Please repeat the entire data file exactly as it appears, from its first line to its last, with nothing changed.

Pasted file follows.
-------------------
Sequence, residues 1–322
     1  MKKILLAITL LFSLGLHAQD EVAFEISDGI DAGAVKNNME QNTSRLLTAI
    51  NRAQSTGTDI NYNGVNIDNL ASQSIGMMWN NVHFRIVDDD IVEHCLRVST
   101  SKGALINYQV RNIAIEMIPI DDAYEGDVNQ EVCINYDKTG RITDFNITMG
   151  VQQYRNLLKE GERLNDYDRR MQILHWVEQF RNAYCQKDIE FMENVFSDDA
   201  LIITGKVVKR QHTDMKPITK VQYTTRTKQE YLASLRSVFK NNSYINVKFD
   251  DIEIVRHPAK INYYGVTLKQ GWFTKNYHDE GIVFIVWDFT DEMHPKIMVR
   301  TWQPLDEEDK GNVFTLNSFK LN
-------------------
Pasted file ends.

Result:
Sequence, residues 1–322
     1  MKKILLAITL LFSLGLHAQD EVAFEISDGI DAGAVKNNME QNTSRLLTAI
    51  NRAQSTGTDI NYNGVNIDNL ASQSIGMMWN NVHFRIVDDD IVEHCLRVST
   101  SKGALINYQV RNIAIEMIPI DDAYEGDVNQ EVCINYDKTG RITDFNITMG
   151  VQQYRNLLKE GERLNDYDRR MQILHWVEQF RNAYCQKDIE FMENVFSDDA
   201  LIITGKVVKR QHTDMKPITK VQYTTRTKQE YLASLRSVFK NNSYINVKFD
   251  DIEIVRHPAK INYYGVTLKQ GWFTKNYHDE GIVFIVWDFT DEMHPKIMVR
   301  TWQPLDEEDK GNVFTLNSFK LN